Evaluating methadone maintenance treatment outcomes in an atlantic Canadian milieu

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University of New Brunswick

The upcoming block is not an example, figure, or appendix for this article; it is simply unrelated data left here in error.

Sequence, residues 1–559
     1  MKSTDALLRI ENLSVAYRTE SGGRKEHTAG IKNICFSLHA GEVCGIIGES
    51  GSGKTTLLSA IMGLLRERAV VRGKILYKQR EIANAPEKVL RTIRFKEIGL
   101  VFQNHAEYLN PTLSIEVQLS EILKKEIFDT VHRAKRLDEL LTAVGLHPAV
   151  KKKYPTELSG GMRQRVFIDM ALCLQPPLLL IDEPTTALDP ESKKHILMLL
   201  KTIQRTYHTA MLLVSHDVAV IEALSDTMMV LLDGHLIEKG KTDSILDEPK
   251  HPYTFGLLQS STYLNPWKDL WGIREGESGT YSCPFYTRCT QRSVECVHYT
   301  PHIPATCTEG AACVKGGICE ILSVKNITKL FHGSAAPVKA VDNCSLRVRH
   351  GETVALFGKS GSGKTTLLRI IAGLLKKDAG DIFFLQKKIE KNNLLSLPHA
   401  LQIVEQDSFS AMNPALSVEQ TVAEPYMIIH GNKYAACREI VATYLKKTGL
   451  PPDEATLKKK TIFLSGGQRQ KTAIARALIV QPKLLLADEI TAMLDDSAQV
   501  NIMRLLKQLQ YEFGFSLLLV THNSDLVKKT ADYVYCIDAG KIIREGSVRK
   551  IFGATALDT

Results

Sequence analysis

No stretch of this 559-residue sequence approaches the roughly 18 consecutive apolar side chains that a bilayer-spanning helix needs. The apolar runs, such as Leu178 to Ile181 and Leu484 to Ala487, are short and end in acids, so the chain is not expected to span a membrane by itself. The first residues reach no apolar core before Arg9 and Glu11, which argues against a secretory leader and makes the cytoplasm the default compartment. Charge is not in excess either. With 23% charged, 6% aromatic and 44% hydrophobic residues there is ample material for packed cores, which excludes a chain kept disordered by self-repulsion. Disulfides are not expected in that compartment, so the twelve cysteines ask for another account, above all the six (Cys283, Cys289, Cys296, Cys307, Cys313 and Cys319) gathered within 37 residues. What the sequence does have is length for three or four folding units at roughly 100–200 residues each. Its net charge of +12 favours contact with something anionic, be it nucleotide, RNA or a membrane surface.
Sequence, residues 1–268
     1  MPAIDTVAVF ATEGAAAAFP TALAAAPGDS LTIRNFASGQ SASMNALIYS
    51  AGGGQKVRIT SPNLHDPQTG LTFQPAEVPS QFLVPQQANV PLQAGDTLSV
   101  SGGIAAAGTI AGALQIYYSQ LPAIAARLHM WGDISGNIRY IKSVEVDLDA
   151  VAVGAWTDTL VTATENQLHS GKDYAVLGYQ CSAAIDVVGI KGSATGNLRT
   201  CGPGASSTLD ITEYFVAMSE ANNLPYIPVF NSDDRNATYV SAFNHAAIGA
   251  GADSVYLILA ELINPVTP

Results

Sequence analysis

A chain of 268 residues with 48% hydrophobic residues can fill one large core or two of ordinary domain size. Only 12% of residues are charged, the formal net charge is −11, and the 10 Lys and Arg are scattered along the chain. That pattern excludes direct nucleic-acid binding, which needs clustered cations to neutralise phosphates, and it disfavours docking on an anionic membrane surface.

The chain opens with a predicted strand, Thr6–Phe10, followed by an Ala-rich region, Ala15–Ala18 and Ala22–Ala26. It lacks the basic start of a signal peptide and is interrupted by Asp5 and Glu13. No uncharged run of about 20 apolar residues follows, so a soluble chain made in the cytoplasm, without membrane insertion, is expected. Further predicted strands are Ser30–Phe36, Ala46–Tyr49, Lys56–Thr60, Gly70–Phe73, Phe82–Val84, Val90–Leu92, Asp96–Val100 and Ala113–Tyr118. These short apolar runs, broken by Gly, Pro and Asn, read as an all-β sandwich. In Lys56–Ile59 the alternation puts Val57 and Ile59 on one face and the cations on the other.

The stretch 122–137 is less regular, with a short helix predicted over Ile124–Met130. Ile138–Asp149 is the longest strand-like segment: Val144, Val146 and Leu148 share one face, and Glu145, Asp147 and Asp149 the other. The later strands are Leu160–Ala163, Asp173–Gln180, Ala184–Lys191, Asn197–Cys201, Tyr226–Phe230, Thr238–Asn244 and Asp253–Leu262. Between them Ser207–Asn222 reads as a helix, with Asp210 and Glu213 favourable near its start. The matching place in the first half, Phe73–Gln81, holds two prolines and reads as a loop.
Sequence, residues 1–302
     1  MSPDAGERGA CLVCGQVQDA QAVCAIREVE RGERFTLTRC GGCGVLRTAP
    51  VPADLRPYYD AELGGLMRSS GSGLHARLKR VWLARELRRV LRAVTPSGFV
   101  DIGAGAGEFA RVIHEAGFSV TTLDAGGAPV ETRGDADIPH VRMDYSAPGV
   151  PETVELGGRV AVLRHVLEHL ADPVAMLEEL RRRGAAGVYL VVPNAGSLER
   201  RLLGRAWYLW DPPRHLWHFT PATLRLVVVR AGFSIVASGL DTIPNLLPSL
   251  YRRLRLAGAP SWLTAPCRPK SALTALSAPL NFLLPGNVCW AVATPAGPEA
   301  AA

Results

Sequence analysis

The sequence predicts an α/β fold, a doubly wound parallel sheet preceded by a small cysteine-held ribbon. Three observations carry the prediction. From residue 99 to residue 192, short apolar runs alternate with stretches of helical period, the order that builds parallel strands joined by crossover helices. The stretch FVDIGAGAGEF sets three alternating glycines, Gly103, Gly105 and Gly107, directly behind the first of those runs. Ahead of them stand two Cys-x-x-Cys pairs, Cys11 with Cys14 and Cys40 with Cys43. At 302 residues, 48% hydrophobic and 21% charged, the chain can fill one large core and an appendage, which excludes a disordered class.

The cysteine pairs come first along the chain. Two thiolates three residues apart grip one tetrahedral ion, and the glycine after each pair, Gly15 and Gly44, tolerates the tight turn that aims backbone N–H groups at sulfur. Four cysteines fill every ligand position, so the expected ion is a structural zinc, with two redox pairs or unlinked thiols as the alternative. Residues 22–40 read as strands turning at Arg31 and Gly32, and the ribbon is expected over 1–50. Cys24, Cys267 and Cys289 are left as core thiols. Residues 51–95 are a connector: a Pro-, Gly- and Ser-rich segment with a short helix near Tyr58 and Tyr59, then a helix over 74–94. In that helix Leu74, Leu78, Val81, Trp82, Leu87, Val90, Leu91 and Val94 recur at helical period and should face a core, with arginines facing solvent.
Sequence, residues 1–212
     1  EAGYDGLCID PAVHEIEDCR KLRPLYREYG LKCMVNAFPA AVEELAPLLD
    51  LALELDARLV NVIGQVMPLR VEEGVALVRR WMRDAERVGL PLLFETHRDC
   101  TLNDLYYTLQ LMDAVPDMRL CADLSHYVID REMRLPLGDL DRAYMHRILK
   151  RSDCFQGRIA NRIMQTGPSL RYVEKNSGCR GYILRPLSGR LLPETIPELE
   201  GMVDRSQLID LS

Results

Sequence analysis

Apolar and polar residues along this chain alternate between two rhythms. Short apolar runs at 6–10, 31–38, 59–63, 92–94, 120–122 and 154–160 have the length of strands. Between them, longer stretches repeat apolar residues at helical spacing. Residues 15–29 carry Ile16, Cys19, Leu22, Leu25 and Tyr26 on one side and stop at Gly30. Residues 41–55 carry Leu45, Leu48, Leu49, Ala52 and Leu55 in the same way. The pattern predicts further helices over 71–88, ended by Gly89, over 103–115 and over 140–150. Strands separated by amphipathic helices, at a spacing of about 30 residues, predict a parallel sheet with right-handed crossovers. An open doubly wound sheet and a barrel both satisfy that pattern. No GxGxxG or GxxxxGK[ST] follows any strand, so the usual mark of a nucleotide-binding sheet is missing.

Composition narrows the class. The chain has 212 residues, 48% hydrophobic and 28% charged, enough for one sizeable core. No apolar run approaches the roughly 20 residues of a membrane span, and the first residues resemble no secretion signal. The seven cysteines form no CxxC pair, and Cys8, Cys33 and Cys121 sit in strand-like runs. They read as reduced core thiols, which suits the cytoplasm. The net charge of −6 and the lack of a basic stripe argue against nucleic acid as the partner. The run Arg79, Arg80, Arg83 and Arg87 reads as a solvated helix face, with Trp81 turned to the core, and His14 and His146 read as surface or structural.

Methadone Maintenance Treatment (MMT) is an intervention for individuals dependent on opioids. Past research evaluating the effectiveness of MMT has primarily focused on heroin users and has emphasized substance abuse and health-related outcome indicators. The current dissertation examined a primarily prescription opioid abusing population enrolled in MMT in Atlantic Canada through longitudinal design spanning five years. Records of all clients enrolled in MMT in Saint John, New Brunswick since it began were reviewed to obtain relevant information about their psychosocial functioning and substance abuse, as well as program involvement from the point of their intake into MMT to their discharge or withdrawal from MMT. Repeated measures and multiple regression analyses were used to identify changes in psychosocial factors throughout MMT and factors contributing to positive outcomes. Results indicated that the majority of changes on outcome variables occurred during the first 12 months of treatment, including reductions in substance use and criminal activity, with improvements in mental and physical health ratings. The highest drop-out rates were also observed during the first year of treatment. Clients who had higher self-reported mental health functioning and perceived social support ratings tended to remain in treatment longer. This dissertation extends the MMT effectiveness literature to a primarily prescription opioid using population. Implications and suggestions for future research are discussed.